Wall Street was under pressure as the US government bond yields jumped following robust September retail sales data, strengthening bets of “higher-for-longer” rates, while the US government plans to impose new restrictions on Nvidia’s chip exports to China, sending chipmaker’s socks lower. In the meanwhile, the Hamas-Israel war continued to fuel risk-off sentiment, keeping gold prices at a recent high, and the VIX climbed 4% to 17.88. Tesla and Netflix will kick off the US tech earnings season tomorrow, which will be critical in steering market sentiment for the rest of the week.
The US dollar index was slightly lower as the king dollar weakened against the Eurodollar and the Australian dollar but strengthened against the other G-10 currencies. The New Zealand dollar slumped to a nearly one-year low level against the USD after the country reported lighter-than-expected Q3 CPI data, indicating the RBNZ may have peaked its rate hiking cycle.
In Asia, China will report a slew of economic data, including the third-quarter GDP. Consensus calls for 4.5% growth, a sharp slowdown from 6.3% in the second quarter. The US chip export ban may further press on Chinese tech stocks. Futures point to a mixed open across the APAC region. The Nikkei 225 futures rose 0.22%, the ASX 200 futures were up 0.35%, and Hang Seng Index futures slipped 0.14%.
- 7 out of 11 sectors in the S&P 500 finished higher, with Materials and Energy leading gains, up 1.01% and 0.98%, respectively. The Technology sector was the laggard, down 1.77%, dragged by Nvidia.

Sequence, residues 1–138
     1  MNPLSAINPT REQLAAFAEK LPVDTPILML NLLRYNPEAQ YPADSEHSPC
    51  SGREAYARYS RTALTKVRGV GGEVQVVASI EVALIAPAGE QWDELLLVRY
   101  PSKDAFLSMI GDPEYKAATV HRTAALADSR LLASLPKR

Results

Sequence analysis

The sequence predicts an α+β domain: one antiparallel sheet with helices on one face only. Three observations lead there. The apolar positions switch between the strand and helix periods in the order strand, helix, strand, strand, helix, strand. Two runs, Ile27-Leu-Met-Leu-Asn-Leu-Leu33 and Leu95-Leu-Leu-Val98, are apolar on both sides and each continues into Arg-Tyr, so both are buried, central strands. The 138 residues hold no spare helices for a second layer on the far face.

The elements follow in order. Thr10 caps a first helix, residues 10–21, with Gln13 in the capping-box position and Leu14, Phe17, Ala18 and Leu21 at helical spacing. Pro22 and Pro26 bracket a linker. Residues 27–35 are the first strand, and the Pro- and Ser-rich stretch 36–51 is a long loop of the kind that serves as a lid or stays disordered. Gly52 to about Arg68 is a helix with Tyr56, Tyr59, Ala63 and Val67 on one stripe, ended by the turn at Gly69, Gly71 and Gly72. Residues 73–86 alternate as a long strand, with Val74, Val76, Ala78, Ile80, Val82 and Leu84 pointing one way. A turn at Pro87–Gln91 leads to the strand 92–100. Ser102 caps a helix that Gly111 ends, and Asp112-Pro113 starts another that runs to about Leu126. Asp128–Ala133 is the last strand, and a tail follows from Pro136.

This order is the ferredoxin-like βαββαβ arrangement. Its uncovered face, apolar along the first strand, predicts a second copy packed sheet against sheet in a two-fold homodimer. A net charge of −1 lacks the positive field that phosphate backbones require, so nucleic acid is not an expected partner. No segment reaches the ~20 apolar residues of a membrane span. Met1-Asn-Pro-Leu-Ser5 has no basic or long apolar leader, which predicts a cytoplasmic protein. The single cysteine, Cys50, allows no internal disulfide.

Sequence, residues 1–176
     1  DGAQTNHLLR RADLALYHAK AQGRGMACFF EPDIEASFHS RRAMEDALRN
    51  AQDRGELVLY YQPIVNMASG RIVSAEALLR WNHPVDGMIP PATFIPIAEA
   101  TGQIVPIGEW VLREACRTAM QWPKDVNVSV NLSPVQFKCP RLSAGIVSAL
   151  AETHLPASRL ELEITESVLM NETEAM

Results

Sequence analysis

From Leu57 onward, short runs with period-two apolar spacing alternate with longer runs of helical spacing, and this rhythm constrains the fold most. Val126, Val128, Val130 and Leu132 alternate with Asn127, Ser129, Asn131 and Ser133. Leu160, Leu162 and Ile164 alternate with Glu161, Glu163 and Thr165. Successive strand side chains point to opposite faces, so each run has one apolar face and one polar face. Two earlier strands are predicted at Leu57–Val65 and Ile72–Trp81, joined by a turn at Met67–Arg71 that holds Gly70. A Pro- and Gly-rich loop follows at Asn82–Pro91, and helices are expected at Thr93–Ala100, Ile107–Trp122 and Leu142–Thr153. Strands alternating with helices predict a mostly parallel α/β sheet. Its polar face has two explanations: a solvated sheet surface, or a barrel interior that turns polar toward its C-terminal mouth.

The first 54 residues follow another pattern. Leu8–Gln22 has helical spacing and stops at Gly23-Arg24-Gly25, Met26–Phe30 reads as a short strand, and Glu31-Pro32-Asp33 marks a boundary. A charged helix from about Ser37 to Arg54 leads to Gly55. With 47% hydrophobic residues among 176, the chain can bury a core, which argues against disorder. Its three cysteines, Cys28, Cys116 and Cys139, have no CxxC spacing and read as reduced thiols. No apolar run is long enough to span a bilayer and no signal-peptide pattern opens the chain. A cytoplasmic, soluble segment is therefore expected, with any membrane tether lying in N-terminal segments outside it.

- Nvidia’s shares slumped 8% before cutting losses amid the US government’s new restrictions ban on exports to China. The new rules will ban the Nvidia H800 and A800 chips that comply with the old restrictions. Nvidia said the new rule does not have an immediate impact on the company but expects a long-term dip in sales.
- Goldman Sachs’ shares fell 1.6% despite a beat on earnings expectations. The bank’s profit dropped 33% year on year to US$2.058 billion, and the overall revenue dipped 1% from a year ago to US$11.82 billion. The lukewarm performance was due to headwinds in investment banking and trading segment, as rising interest rates hurt M&A activities. But CEO Solomon expects “a continued recovery in both capital markets and strategic activity.”
- Crude oil rose slightly ahead of the release of the US weekly inventory data. While the war between Hamas and Israel may continue to add upside pressure to oil prices, a potential lift of Venezuelan exports caps some gains. The recent US production has hit a record high and is expected to drop for the week ending 13 October.
- RBA Governor Michele Bullock Speaks
- China’s Q3 GDP, Industrial Production, Retail Sales and Unemployment Rate
- UK’s September CPI
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